Following on from our high-level training programme to 15 engineers, on design considerations for acoustic solutions, we would like to share some of the content, to help you understand acoustics, and some of the misperceptions.
The topics we will cover are as follows:
- The Properties of Sound
- Acoustic Measurement Options
- Acoustic Materials and Performance
- Airborne Noise and Structure Borne Noise
The Properties of Sound
Sound is an audio sensation caused by pressure variation which are produced by vibration. The unit of measure is decibels (dB), and is used because the audible human range is vast. The most important property of sound is the frequency which is the number of vibrations or pressure fluctuations per second. The frequency gives the wavelength which has a huge effect on acoustic material selection.
The Decibel Scale
In layman’s terms, is where the human ear can hear the difference between a pin dropping and a jet engine. The difference being 120dB or 1000000000000 times higher! At the lowest end of the audible scale OdB, a sound 10 times more powerful is 10dB, a hundred times more powerful is 20dB, and a sound a thousand times more powerful than near silence is 30dB. The decibel scale is not strictly a unit of measure it is a ratio from the threshold of human hearing.
Sound Pressure & dB
A 3dB change in the noise level is generally only just noticeable to the human ear, even though it is a doubling/halving of sound energy. A 10dB change in level is perceived as a doubling/halving of the loudness but in fact represents a 10 fold increase/decrease in sound energy.
Acoustic Measurement Options
Sound Pressure is measured at a distance from the noise source. Sound Power values are calculated based on sound pressures and surroundings. Sound Intensity is the amount of energy flowing per unit time through a unit area that is perpendicular to the direction in which the sound waves are travelling. The analogy is that if the sound power is like the wattage of a heater, then the sound pressure is the room temperature. Sound Meters gives good overall values and can offer frequency data as well as average sound pressure over time Leq. Acoustic Camera Beam Forming can measure Sound Pressure and Sound Intensity. The most accurate and detailed measurement because of the nature, and number of microphones capturing sound waves crossing the microphone array. Acoustic Camera Beam Forming is a very efficient technique for identifying important noise contributors. The software gives camera images to compare levels radiating from different locations.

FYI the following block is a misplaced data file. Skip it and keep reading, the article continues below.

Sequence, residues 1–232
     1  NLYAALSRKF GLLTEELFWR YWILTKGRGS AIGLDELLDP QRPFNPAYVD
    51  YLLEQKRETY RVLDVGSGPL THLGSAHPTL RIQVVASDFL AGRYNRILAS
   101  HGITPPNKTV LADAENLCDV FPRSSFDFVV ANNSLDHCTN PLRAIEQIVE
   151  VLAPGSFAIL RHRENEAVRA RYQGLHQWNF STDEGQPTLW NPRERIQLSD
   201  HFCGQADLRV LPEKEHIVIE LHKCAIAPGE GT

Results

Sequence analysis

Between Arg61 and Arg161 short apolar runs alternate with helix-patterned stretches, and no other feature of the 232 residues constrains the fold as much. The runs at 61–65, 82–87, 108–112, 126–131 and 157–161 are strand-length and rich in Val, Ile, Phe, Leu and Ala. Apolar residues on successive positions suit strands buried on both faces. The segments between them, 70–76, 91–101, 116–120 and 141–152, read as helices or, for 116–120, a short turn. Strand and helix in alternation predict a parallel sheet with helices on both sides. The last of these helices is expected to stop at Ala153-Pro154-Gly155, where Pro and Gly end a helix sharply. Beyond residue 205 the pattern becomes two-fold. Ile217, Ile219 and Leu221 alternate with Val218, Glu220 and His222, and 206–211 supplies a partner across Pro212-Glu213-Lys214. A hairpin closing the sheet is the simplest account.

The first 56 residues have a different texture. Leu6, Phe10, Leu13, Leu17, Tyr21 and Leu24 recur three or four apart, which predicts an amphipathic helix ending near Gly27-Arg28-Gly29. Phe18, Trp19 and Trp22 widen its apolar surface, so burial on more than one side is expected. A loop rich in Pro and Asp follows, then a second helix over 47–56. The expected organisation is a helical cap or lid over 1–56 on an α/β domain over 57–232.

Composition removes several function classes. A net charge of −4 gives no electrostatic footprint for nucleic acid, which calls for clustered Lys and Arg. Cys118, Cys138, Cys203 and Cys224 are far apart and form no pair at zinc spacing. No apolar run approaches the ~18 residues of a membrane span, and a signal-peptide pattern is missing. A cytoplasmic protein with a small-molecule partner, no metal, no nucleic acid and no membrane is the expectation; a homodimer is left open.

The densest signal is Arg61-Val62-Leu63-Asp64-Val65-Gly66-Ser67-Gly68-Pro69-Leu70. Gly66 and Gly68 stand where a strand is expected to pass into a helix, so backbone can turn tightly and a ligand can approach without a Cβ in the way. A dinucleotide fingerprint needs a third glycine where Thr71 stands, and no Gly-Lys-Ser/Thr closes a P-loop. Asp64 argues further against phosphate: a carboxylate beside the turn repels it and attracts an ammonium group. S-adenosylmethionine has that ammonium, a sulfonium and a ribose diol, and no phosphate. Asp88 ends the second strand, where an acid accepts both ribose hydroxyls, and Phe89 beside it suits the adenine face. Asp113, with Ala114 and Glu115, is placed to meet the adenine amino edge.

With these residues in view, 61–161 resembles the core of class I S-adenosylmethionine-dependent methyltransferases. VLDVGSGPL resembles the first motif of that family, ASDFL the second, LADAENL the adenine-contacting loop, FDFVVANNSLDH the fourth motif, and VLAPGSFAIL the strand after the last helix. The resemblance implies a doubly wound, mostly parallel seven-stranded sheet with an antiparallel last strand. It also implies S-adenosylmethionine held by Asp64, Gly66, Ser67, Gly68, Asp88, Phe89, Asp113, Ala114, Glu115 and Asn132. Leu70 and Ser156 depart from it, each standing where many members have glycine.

Acoustic Materials and Performance
Virtually all noise control problems can be represented by a simple energy flow diagram, as this generally gives rise to two main options of control 1. To reduce the noise at source or 2. To impede the acoustic energy along its transmission path. In almost every situation the mechanisms by which a sound is generated, and the location of the machinery/equipment responsible will largely dictate the most efficient treatment options. Sound Absorption materials reduce the sound pressure levels by absorbing the energy. Absorption coefficient is defined as “the ratio of energy absorbed by a material to the energy incident upon its surface”. Building materials are rated by their coefficient (NRC).
Airborne Noise and Structure Bone Noise
Airborne Noise measures vibrations through the air, whereas Structure Bone Noise is the vibrations through a solid structure and can be much more difficult to treat.
Ventac’s Acoustics Laboratory
Our Acoustics Laboratory located in our HQ in Blessington, Co Wicklow, Ireland, is the state-of-the-art Acoustics Laboratory, and Ireland’s largest and only commercial Acoustic Laboratories. Ventac’s acoustic laboratories are used for acoustic materials development, vehicle noise testing and building materials acoustic analysis. Ventac can perform the testing required to bring new products and systems to market or can help in designing and specifying acoustic research and development within our test facilities for the Vehicles and Industrial Industries. Contact our Acoustics Team to discuss your Acoustic Testing and Development Requirements. T: +353 (0)45 851500 or firstname.lastname@example.org.